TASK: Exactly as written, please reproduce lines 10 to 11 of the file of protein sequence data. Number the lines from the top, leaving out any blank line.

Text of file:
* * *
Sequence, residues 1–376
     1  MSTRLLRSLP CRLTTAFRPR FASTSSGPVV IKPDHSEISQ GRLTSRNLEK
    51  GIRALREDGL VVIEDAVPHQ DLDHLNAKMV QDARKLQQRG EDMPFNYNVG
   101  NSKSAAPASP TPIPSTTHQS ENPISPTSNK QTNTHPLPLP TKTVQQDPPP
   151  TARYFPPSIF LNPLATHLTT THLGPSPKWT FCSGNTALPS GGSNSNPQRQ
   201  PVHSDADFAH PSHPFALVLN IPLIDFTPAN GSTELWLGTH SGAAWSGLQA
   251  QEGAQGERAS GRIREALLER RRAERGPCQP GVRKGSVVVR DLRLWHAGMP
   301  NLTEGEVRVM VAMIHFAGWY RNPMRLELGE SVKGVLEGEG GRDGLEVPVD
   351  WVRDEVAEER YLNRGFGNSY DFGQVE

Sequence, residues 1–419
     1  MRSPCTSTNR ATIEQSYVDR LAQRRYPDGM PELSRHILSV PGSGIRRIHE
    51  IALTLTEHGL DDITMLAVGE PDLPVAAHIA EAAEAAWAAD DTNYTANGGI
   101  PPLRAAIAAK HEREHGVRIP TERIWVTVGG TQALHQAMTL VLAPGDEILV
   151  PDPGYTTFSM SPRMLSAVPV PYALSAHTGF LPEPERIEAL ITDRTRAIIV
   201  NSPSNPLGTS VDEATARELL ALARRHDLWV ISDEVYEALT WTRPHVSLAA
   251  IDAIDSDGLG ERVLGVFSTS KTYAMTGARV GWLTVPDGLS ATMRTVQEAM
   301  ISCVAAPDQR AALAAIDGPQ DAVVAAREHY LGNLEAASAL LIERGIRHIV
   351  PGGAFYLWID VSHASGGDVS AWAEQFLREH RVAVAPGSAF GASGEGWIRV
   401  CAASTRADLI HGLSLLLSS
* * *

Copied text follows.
Sequence, residues 1–419
     1  MRSPCTSTNR ATIEQSYVDR LAQRRYPDGM PELSRHILSV PGSGIRRIHE